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Chris Sayer’s Travel Diary

Monday, 06 Apr 2009

Location: Austria

MapDay Five April 5
Our final full day in Vienna, and after a leisurely start, we purchased a day ticket for the public transport and just wandered aimlessly, starting off heading away from the city, unlike every day previous. The train line ended up across the Danube in the new part of Vienna – modern, new buildings of glass and steel, open parklands and mostly apartments. A Sunday market was happening in adjacent to the station, with a children’s merry-go-round and colourful train. Again we got the impression that this is a very livable city. Heading back to the old city, we passed an amazing piece of architecture – a working waste treatment factory that has been made into a work of art - it has to be seen to be believed. I can imagine some people thinking it grotesque … we thought it was a very clever way of beautifying a drab piece of industry. Very arty, eye-catching and provocative. Maybe everyone should consider turning their ugly industrial sites into visual works of art?
Our friend Judy recommended a visit to the Sacher hotel for their famous torte and hot chocolate – and honestly it was the most heavenly chocolate experience we’ve ever had. Enough said – end of story.
Then on to the museums, and we chose the History Museum – we could have chosen from dozens of others. Egyptian and Greek artifacts from 1,300 years B.C., and then paintings by Rubens, Rembrandt, etc, etc, some paintings from 16th century. All housed in the most incredible building with a marble interior, huge staircases, huge stone pillars, vaulted ceilings with gold-plated paintings. Every corner we turned took our breath away. What must the other museums be like? You could spend a month in Vienna and not see everything in its museums.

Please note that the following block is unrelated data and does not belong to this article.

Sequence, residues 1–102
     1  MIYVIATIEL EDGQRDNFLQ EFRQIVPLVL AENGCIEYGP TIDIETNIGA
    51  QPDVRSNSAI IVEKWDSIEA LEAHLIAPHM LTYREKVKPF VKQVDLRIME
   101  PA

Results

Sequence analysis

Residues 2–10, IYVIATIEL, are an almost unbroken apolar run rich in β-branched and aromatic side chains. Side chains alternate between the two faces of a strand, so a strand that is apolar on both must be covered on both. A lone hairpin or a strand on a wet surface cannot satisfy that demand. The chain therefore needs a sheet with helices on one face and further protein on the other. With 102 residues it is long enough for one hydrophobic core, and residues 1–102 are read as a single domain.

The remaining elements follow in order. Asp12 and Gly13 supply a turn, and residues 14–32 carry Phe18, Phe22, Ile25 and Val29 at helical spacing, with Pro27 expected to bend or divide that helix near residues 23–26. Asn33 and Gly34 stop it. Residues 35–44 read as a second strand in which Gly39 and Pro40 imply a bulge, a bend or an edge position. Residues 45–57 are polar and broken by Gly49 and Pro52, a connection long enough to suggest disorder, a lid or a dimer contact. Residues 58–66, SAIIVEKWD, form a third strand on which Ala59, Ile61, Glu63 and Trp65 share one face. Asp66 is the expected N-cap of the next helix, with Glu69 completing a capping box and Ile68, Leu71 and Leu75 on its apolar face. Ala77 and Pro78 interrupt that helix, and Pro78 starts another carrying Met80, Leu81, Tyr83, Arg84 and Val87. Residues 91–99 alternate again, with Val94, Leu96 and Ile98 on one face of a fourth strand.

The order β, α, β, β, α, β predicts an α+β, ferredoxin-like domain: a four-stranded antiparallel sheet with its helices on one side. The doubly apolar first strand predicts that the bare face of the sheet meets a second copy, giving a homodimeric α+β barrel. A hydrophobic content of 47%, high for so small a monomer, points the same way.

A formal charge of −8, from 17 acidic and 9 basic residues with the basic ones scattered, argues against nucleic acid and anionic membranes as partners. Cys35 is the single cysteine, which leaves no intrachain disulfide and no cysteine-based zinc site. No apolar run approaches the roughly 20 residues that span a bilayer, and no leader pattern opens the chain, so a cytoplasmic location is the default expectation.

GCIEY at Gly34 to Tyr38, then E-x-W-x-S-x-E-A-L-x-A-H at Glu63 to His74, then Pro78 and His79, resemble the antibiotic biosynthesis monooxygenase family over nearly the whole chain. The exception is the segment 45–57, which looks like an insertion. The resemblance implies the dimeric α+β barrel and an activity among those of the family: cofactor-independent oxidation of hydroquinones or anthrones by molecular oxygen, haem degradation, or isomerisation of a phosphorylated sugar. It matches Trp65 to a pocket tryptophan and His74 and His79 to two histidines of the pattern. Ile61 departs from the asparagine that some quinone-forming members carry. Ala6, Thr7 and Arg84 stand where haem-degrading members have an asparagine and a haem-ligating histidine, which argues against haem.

Packing our cases for the flight to Turkey tomorrow. We finished the day by popping round the corner to our favourite restaurant/pub (within staggering distance), and our new friend from the other night Thomas was working again. Nice to catch up again before we go. To finish our Austrian experience, we had traditional Austrian fare – “camembertbrot” – apple slices, melted cheese and cranberries on traditional brown bread, and then a traditional dish from the Styrian region of Austria called “grostl” – potatoes, small dumplings and onions. I had black pudding (or blood sausage as the locals call it) and sauerkraut, while Anne has grilled turkey and cheese. And it was delicious.